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Wednesday, February 1

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Reviews Fri Apr 13 2012

Photographing the Chicago River

River-scan016.jpgWhen you think of the Chicago River, what springs to mind? Most likely, the bridge at Michigan Avenue, kayaking in the summer, architectural boat tours, and assuredly the famous reversal over a century ago. There's a lot of river that extends beyond the downtown area, however — all 156 miles of it — most of which you may not recognize.

Photographer Richard Wasserman spent 10 years learning every fork and tributary of the Chicago River, documenting it on his large format camera. This type of black and white photography, chosen both for the incredible detail it offers and for its ability to capture architecture without distortion, took a lot of care — not to mention, time — to execute.

"It looks very simple, and it is," said Wasserman, referring the large format process. "But an amazing amount of things can go wrong." It took Wasserman anywhere from 30-60 minutes to set up the equipment and capture a final image.

On average once weekly, and often on weekends, he added to his collection of river photographs — including the piles of boxes of unused prints and negatives never printed — not thinking it would be anything more than a personal project. It wasn't until he attended a workshop in Pennsylvania four or five years ago that someone gave him the idea for a book.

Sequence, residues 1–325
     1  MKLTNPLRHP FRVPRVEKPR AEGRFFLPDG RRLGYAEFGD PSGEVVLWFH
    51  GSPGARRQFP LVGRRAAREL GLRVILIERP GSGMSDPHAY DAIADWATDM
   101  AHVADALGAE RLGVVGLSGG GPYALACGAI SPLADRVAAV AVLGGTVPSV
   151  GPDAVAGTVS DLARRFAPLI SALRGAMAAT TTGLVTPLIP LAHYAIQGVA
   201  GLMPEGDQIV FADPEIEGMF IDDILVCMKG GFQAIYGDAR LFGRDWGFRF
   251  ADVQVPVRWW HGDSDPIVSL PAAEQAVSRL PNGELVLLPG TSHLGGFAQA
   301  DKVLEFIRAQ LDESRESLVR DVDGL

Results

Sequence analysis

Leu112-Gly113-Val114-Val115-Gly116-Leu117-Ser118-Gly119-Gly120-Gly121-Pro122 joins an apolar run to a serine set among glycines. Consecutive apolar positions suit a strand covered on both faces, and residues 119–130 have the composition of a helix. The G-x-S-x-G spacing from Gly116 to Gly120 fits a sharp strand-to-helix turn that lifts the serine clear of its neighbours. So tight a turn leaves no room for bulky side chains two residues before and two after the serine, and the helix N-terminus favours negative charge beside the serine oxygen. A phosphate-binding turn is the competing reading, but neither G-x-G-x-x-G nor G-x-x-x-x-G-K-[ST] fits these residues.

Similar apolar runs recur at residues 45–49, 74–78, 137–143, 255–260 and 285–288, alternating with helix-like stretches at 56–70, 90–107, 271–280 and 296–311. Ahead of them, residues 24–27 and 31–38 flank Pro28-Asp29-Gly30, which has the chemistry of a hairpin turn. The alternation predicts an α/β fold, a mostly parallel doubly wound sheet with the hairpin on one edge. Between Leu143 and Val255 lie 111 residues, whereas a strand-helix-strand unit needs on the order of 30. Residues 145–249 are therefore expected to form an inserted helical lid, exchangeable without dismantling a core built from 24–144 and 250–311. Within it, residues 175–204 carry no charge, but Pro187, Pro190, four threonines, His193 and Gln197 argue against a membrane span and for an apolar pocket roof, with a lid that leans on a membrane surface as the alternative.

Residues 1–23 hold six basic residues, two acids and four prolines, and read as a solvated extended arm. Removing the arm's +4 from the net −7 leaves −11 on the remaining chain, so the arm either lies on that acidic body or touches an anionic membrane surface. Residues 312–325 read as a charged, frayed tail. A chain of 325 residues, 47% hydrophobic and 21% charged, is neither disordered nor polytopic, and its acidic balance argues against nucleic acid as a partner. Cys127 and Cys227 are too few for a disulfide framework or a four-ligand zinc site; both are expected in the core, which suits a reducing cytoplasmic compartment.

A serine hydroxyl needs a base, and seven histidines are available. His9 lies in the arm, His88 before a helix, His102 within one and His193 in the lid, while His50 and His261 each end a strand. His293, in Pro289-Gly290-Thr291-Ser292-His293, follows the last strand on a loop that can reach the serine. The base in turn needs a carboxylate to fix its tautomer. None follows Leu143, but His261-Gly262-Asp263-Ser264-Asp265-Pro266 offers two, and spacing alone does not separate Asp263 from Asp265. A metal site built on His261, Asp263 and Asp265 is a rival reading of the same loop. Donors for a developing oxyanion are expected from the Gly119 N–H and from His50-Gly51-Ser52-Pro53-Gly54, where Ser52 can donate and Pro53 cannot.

Wasserman_Cover.jpgMidstream, recently published by the Columbia College Chicago Press, is a collection of 104 of these images of the river, including some of the Skokie Lagoons and where the river passes, unassuming, by the Northbrook Court Shopping Mall.

Beyond being lovely to behold, the images are important historical records of part of Chicago's built environment: the river, and how humans have interacted, fiddled, and messed with it for two centuries. Although there are no people in these images, they were never far from Wasserman's mind. "I think about people just as much, even if they're not pictured," he said, discussing how the relationship between the river and Chicago's residents has changed over the years.


Currently, Wasserman is working on two projects, for which he continues to focus on recording what has changed, and what might be forgotten. In addition to documenting old movie theaters in Chicago and the surrounding suburbs, the other project, "Eminent Domain," has taken him across the country to places confiscated by the government for the "public good" — such as Bensenville, Illinois, where 600 families and 25 businesses were displaced thanks to the expansion of the O'Hare airport; or Norris, Tennessee, where the first TVA dam displaced upwards of 3,000 families.

"People forget. Society forgets," he said. "Some [of these] changes are good, but the people who pay the highest price are those who have no voice."

Wasserman will be signing copies of his book on May 1, from 6pm to 8pm at the Lincoln Park Campus of DePaul University (2400 N. Sheffield Ave.). On May 31, he will be speaking and showing select photographs from Midstream at the McCormick Bridgehouse Musuem (376 N. Michigan Ave.) during lunch.


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